Don’t Forget Regret – Use It Instead

Right after we graduated from college, my best friend wanted to buy a real bed. He'd slept on gifted beds, Craigslist-ed beds, found beds, futons, couches, and I even think there was tatami mat in there, but he decided graduating college made him an adult and needed a real, adult bed.

He saved a good amount of money and did research at multiple mattress stores testing for firmness, pocketed coils versus continuous coils, pillow top or memory foam — he tried them all. He finally settled on one that was as adult as a mattress can get. It was a Bonnell coil system king-size mattress with a memory foam pillow top. It had a temperature regulating system to assure neither overheating nor shivering, and he was convinced that this mattress would be the end to his minor-yet-chronic backaches. He waited for a somewhat decent sale, purchased it (with free delivery), and his mattress arrived.

After buying a bed frame that took up most of his Brooklyn apartment, he was ready to live the good life.

The first night, he couldn't sleep. Second night, same story. He couldn't tell if it was too firm or not firm enough, if it contoured to the curves of his back perfectly or not all. The seemingly simple act of falling asleep was just confusing. He had a rather sleepless week and then called to exchange it. But since he bought it on sale, they wouldn't do their normal bed exchange. He kept trying to sleep on it while trying to sell it for a decent price, and when that didn't happen, he ended up settling for a nearly $2,000 loss. He bought a used IKEA mattress off Craigslist and has slept perfectly since.

Guilt settles in
My friend talked a lot about the financial guilt he felt after saving for so long and then losing so much money. He made the bed a priority and his priority backfired on him. We could break down his researching of the bed, that he should have read the return policy fine print more carefully, or how he could have been more assured of his purchase, but for now, the deed was done and he had nothing but the consequences. I remember hearing him on the phone with his mother who pretty much said get over it. Move on.

 

Normally, I consider this sound advice. And maybe so does Shakespeare:

“Things without all remedy should be without regard; what's done is done.”

Taken out of context, Shakespeare is siding with all the live for today, forget regret rhetoric that we often encounter. That said, this quote is by Lady Macbeth, chastising her husband for being such a wimp for feeling bad about murdering people. The inability to experience regret is a diagnostic characteristic of sociopaths. Guilt is a utterly human emotion and should be allowed to be experienced. Quit feeling guilty about the guilt, that's the first step.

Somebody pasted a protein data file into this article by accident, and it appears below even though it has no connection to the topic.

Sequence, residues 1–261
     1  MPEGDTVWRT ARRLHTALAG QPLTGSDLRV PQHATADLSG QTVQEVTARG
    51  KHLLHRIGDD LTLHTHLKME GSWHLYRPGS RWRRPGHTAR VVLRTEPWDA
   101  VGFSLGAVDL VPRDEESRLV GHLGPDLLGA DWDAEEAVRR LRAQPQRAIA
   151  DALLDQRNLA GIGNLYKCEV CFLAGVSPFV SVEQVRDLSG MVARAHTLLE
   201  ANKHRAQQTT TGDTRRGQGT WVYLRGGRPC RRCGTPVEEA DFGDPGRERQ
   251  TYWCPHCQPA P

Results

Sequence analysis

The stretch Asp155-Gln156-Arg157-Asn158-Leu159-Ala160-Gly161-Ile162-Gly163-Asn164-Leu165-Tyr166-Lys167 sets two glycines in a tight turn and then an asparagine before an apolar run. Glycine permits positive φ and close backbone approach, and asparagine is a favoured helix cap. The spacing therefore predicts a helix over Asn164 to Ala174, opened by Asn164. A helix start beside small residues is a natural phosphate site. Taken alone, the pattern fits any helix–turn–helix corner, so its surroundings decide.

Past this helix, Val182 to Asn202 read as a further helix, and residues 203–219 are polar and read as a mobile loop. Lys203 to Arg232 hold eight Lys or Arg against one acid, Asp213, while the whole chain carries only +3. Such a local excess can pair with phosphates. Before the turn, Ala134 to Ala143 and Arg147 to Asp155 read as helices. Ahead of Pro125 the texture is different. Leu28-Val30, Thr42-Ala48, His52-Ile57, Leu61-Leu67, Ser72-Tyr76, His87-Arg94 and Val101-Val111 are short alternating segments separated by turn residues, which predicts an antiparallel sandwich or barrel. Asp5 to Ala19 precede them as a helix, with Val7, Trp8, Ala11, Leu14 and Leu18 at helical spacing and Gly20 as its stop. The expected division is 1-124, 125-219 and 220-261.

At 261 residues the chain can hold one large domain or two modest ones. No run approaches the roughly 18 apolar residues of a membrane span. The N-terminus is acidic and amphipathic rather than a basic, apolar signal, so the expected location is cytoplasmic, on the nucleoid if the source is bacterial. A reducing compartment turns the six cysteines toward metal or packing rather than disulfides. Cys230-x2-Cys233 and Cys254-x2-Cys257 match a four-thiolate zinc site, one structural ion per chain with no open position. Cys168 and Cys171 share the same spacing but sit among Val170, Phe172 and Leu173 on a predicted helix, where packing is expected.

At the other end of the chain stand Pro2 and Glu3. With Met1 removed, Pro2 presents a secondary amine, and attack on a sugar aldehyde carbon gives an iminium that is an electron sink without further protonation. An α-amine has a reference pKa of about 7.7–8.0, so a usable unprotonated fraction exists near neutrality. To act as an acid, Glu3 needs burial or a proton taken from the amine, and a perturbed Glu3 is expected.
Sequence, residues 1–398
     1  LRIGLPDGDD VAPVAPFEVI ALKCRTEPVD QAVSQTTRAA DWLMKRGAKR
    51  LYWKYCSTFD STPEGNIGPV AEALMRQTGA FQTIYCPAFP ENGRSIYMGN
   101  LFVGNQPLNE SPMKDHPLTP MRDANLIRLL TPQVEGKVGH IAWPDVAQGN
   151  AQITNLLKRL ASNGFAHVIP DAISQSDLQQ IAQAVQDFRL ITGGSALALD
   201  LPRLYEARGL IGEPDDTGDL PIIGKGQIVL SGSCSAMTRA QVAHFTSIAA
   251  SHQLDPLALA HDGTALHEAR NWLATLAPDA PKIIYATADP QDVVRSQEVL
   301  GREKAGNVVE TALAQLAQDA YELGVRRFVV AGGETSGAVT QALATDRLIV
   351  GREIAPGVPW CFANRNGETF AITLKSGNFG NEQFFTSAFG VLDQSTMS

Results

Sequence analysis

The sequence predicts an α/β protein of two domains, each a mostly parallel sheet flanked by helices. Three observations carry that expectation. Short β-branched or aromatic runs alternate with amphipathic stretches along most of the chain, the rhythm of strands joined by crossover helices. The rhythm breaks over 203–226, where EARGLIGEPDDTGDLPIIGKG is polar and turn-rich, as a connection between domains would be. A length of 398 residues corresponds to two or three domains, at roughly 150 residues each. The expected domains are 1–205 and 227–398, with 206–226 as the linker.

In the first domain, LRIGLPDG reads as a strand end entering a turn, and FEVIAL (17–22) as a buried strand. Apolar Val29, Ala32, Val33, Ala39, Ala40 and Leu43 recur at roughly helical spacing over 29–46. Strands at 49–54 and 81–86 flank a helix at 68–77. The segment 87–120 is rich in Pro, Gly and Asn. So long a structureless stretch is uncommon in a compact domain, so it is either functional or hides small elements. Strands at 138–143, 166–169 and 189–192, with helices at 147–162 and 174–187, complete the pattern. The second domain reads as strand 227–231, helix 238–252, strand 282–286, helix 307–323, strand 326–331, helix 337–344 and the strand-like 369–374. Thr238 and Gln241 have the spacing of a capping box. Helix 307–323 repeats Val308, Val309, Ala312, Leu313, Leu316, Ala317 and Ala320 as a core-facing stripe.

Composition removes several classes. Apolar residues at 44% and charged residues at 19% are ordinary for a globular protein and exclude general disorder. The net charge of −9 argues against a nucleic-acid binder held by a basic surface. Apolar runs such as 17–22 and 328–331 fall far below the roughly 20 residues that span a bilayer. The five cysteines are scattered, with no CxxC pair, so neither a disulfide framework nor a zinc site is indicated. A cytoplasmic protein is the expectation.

Mistakes happen. Instead of trying to live without any regrets, what if we learned to live with it in a way that serves us?

Overcoming the guilt
I think it's interesting to see what we regret and feel guilty about. According to a study from the Kellogg School of Management, only 2.5% of the guilt we feel is because of financial reasons.

Decisions (or non-decisions) about education, career, romance, parenting, and self all beat out our decisions about finance in terms of our longterm levels of regret (finance even loses to how we spend our leisure time). And though a 23-year-old may regret the $20,000 she owes after graduating college, it's more likely that the 35-year-old will regret never having gone. Granted, this isn't even close to a sure-fire statement, but it demonstrates that we regret decisions about education more than decisions about money, to the tune of almost 30%.

We all know what it's like to make a large purchase and having that pit-of-the-stomach, sick feeling. Whether it be a necessity or a decadence, that feeling is unavoidable, and it's not likely that you'll ever eliminate it completely. I think my stomach will always drop when I make a big withdrawal from my checking account, even if it's something exciting and purchased responsibly. Tickets to Paris? My bags are packed! Seeing the cascading numbers on my online savings account screen? I could do without that.

What we can change now
American journalist Sydney J. Harris said, “Regret for the things we did can be tempered by time; it is the regret for the things we did not do that is inconsolable.”

Learn from what you regret. Write down your financial regrets, past and present, not only the times that you did spend, but also those that you didn't. Many of our more profound regrets come not from the things we did, but from the things we were to busy or bullheaded to get around to doing. You still have time to make that next step, whether it be a future investment, that long sought after degree, or just a new skill — regretting what we haven't done is often easily remedied.